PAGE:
Modeling wetland connectivity and vulnerability to wetland-corridor loss
Metadata[+] Show full item record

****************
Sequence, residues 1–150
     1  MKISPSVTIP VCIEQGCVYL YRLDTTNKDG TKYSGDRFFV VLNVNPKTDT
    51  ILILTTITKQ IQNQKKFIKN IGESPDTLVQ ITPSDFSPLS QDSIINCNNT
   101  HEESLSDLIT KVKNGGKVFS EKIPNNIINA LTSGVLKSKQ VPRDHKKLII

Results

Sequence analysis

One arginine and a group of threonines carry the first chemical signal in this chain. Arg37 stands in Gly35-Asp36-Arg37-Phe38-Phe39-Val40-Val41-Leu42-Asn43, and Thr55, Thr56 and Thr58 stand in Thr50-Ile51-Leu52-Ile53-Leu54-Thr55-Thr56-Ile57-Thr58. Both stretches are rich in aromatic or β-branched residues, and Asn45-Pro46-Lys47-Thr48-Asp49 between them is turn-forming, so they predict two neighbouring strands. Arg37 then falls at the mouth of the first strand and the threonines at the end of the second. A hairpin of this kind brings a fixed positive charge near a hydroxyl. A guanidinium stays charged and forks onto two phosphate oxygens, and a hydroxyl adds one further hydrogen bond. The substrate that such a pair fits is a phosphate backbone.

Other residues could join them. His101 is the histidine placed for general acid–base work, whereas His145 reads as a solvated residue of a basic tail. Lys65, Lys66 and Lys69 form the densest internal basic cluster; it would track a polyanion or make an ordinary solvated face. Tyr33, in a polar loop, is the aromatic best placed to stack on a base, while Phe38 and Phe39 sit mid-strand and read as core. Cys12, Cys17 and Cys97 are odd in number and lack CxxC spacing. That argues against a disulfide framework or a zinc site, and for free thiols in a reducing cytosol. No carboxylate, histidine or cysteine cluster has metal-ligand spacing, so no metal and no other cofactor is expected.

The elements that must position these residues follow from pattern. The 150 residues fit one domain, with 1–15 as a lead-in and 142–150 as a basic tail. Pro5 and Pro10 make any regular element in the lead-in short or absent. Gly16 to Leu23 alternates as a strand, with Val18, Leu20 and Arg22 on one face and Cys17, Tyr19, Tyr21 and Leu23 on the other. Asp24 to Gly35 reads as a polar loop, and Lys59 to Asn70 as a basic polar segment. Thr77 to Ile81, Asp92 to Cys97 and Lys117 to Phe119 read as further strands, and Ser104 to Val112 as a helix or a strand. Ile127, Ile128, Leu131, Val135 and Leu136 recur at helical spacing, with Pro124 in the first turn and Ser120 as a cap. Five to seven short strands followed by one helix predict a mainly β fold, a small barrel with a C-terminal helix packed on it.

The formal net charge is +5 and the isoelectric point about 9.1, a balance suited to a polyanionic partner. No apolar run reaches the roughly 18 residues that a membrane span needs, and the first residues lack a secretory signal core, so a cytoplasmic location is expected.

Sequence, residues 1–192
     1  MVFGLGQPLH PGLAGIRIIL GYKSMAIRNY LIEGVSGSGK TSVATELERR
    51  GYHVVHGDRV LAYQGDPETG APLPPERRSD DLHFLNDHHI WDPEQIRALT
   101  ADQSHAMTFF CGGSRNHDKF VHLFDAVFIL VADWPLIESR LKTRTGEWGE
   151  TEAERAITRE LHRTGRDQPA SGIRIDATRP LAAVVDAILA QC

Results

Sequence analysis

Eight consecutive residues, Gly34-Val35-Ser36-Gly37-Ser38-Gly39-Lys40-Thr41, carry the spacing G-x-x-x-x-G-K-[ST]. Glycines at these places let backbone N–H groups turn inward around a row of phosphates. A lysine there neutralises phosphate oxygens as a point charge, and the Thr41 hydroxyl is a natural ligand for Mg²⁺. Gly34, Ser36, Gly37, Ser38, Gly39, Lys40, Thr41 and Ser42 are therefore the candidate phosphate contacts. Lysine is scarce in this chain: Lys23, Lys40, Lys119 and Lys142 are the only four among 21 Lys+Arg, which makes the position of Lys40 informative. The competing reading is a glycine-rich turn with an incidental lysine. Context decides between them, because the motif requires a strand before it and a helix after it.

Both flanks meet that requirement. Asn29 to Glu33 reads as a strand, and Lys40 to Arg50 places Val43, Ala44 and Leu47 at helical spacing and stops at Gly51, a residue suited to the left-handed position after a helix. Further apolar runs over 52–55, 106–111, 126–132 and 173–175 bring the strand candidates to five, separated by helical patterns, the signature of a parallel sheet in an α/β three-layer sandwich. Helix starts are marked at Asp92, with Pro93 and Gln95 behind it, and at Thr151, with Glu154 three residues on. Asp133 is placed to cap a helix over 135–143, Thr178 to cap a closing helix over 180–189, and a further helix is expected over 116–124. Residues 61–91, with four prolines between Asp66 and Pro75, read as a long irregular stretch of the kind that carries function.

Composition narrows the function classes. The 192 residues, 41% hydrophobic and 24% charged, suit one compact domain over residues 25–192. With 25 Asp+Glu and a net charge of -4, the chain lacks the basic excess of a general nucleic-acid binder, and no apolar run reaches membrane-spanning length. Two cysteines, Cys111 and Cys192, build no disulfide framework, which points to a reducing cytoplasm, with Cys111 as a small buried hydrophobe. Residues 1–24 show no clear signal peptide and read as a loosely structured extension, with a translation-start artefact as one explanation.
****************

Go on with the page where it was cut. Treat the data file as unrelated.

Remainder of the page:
Wetland systems involve a complex range of important biological, chemical, and hydrologic interactions among individual wetlands which contribute to ecological health. Modification of the landscape due to anthropogenic development has a direct impact on the connectivity supporting these interactions as well as the ecology of a region. It is thus important for individuals and agencies involved in the management and protection of wetland systems to understand the baseline condition of wetlands, supported interactions, and how potential land use and infrastructure modifications may change the strength of underlying connectivity. This baseline connectivity should, therefore, be rigorously defined, accommodating considerations of different types of connectivity and measurement systems. To better understand these issues, a framework is proposed for representing and reasoning about the connectivity of aquatic resources. In particular, a corridor-based representation of connectivity and network-based optimization methods have been developed and implemented in a geographic information system to establish a baseline level of connectivity and to model the effect of potential landscape changes. The developed framework is applied to a wetland system in Missouri to demonstrate the tradeoff between proposed mitigation options and ease of ensuring sustained system connectivity. More broadly, this type of connectivity analysis can be used to inform many types of planning decisions such as those considering alternative courses of development, prioritization of wetland management/protection resources as well as those addressing policy or regulatory matters.